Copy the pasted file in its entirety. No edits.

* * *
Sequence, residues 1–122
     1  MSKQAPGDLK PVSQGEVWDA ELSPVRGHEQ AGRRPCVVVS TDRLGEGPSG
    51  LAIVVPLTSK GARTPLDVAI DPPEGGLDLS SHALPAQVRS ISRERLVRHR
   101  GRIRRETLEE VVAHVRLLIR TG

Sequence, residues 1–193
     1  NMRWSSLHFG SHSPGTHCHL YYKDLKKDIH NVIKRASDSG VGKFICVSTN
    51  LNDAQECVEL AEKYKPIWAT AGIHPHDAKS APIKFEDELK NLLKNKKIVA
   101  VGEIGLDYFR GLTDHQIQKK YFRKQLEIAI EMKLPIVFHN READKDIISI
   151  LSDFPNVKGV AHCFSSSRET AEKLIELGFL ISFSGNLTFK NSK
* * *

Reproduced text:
Sequence, residues 1–122
     1  MSKQAPGDLK PVSQGEVWDA ELSPVRGHEQ AGRRPCVVVS TDRLGEGPSG
    51  LAIVVPLTSK GARTPLDVAI DPPEGGLDLS SHALPAQVRS ISRERLVRHR
   101  GRIRRETLEE VVAHVRLLIR TG

Sequence, residues 1–193
     1  NMRWSSLHFG SHSPGTHCHL YYKDLKKDIH NVIKRASDSG VGKFICVSTN
    51  LNDAQECVEL AEKYKPIWAT AGIHPHDAKS APIKFEDELK NLLKNKKIVA
   101  VGEIGLDYFR GLTDHQIQKK YFRKQLEIAI EMKLPIVFHN READKDIISI
   151  LSDFPNVKGV AHCFSSSRET AEKLIELGFL ISFSGNLTFK NSK